Cloud storage providers such as Dropbox and Box are winning over consumers by emphasizing the availability of their services across multiple ecosystems and geographies. However, the enterprise-grade versions of these services may not be sufficiently robust to win over enterprises as they may not comply with data-related regulations.
Leo Wang, analyst at China Market Research Group (CMR), noted the enterprise push by these cloud storage providers, many of which started by touting their services to consumers. This is because more companies are experiencing higher traffic of data moving across geographies between employees and such services help facilitate the information exchange, he said.
The appeal of these third-party storage providers also lies in the fact that the user experience with regard to simplicity and ease of use is generally positive, Wang added.
Steve Hodgkinson, IT research director at Ovum, said players such as Dropbox and Box are scaling their businesses up by improving their products and marketing efforts, highlighting particularly the ubiquity and availability of their services across geographies.
In Asia, these service providers have amassed a strong consumer following and these users in turn become advocates of the service in their workplaces, he noted. Since employees today are--with or without IT's approval--their support for a service may pressure companies to consider subscribing for the enterprise version of these storage services, Hodgkinson said.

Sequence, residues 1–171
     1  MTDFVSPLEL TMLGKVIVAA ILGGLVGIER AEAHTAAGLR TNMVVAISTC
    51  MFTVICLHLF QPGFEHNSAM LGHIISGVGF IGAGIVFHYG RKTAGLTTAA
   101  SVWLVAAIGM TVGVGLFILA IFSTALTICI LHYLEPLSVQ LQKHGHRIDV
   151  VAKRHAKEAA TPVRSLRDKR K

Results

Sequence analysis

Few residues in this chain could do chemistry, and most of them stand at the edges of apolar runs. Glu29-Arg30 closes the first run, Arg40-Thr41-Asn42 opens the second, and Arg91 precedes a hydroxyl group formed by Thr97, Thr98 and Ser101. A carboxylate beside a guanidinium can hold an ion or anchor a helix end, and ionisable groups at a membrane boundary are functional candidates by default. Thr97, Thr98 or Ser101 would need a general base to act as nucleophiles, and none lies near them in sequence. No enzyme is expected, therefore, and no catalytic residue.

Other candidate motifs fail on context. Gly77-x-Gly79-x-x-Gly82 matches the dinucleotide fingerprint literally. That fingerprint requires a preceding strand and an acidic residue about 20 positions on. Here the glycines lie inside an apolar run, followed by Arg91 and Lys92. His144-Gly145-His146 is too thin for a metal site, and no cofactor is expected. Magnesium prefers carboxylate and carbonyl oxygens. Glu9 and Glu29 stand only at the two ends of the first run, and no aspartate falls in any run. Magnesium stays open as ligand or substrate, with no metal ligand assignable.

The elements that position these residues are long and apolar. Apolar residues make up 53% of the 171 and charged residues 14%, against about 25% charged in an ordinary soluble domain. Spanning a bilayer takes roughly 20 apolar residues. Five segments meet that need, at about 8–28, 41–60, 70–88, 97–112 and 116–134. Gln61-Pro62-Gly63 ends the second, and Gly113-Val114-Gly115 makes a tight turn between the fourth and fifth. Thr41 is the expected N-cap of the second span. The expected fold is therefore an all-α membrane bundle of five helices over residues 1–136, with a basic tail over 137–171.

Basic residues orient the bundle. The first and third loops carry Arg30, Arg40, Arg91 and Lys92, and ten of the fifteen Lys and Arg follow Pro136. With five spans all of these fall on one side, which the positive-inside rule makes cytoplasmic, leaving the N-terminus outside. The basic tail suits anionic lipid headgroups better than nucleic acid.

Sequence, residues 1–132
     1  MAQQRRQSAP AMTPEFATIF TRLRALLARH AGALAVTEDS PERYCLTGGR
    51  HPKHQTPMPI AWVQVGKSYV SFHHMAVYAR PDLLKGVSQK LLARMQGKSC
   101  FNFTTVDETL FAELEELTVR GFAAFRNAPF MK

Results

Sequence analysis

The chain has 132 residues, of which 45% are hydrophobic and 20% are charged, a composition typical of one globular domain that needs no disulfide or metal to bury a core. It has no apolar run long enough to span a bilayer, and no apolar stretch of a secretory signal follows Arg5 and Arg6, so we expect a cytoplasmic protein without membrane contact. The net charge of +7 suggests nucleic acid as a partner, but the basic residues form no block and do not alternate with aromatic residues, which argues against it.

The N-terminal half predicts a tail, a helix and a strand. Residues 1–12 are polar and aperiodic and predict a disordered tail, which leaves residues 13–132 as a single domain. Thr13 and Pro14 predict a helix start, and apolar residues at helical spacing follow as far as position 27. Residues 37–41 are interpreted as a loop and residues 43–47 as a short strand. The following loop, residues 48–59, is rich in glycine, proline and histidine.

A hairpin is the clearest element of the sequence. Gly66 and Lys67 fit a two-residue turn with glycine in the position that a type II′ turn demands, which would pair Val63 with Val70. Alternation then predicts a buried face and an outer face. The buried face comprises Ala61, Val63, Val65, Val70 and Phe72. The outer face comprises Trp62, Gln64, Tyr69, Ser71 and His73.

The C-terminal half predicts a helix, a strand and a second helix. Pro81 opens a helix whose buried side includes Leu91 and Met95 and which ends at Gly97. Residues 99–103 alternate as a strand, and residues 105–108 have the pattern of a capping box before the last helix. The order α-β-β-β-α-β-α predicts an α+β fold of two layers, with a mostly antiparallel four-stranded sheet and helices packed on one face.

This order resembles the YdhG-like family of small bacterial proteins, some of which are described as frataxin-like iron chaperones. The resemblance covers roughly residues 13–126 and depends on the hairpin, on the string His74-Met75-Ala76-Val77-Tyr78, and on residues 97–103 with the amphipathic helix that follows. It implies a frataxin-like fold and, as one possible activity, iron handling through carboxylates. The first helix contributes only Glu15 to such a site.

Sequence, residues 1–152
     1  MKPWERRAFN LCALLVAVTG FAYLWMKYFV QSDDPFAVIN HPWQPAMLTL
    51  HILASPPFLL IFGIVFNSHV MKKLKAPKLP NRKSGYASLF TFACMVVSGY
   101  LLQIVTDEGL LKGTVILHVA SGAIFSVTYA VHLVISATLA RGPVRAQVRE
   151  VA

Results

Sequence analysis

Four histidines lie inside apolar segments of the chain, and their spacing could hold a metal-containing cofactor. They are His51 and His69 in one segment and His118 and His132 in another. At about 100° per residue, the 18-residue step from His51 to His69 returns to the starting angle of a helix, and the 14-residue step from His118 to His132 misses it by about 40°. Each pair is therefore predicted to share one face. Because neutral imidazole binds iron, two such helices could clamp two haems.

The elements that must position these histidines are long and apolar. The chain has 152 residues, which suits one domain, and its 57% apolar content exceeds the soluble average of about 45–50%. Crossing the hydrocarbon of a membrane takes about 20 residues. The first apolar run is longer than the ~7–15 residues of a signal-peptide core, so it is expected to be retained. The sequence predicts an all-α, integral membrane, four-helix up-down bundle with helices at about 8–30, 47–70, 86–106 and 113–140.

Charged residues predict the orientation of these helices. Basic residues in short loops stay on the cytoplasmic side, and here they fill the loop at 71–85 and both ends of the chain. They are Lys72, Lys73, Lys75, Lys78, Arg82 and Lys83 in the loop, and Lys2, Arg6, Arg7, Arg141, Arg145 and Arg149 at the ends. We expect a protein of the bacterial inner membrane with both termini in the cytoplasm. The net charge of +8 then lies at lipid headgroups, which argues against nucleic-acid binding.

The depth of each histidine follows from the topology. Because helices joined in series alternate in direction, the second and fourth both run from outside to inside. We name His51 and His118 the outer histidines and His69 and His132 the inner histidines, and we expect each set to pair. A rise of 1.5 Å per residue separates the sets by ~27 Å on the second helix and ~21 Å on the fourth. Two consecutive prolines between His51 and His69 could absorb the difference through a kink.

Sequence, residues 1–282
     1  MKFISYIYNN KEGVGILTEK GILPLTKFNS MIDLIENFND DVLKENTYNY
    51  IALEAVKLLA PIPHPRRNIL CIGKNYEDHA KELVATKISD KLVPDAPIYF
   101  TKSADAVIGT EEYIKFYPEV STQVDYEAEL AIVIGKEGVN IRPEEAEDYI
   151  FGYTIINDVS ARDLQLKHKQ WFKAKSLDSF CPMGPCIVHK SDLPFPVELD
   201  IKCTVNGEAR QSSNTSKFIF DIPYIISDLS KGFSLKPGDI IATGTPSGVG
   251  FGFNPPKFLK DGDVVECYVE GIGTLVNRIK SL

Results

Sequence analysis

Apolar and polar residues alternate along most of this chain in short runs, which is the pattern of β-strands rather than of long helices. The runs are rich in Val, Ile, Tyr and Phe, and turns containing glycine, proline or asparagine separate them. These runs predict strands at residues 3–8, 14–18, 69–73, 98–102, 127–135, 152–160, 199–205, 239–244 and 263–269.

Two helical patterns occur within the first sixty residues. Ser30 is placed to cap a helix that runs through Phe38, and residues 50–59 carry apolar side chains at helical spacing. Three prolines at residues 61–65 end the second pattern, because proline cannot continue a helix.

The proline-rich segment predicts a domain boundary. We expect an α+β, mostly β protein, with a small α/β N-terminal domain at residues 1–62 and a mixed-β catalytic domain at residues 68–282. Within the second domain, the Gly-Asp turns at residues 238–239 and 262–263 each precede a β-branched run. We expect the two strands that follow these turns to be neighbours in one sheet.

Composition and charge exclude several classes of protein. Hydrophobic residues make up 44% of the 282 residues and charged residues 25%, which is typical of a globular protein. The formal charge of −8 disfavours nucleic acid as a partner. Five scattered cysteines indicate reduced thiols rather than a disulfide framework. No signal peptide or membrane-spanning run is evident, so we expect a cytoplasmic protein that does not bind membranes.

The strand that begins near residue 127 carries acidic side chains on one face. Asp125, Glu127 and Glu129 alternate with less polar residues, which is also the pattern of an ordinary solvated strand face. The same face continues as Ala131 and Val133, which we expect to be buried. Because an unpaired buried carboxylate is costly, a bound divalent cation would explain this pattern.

Dropbox, for one, is looking to capitalize on these developments. Last month, it announced enhancements to its enterprise serviceto give IT managers increased insight and control over business users' Dropbox accounts.
This move ratchets up competition with Box, which has positioned itself as a tool for enterprises as it offers increased security and management features.
When contacted, a Dropbox spokesperson said the company sees its success with corporations driven by the fact it is "easy to use, deploy and it just works". As people bring the online products they use in their personal life into the workplace, the company is focused on designing a product that fits the needs of end-users and IT administrators, she said.
On how Asia will receive its enterprise services, the spokesperson said since Dropbox's goal is to build a global product, it will address the needs of users regardless of geography.
Box did not respond to ZDNet Asia's queries by press time.
Regulations may throttle ambitions
Despite putting more focus on the enterprise though, these cloud storage services will face challenges winning over businesses, particularly if they fail to meet the corporate IT policy requirements or even government regulations around data and storage, Hodgkinson noted.
For instance, data sovereignty will be a challenge for certain industries such as finance, where there are specific industry rules around, he explained.
Furthermore, customers won in the consumer space may not necessarily carry over to the enterprise arena. "The CIO can actually just block access via the firewall," the analyst added.
Wang also believed that while it is an advantage to have end-users familiar with one's product, enterprise IT requirements differ from a consumer's in terms of security, confidentiality, access and collaboration.
Getting companies in certain Asian markets to purchase the enterprise version of the service may also prove to be an uphill struggle. In China, for example, consumers and businesses are accustomed to free software. So even if many employees are using Dropbox or Box services, companies may have to be educated and convinced of the benefits of paid version, he added.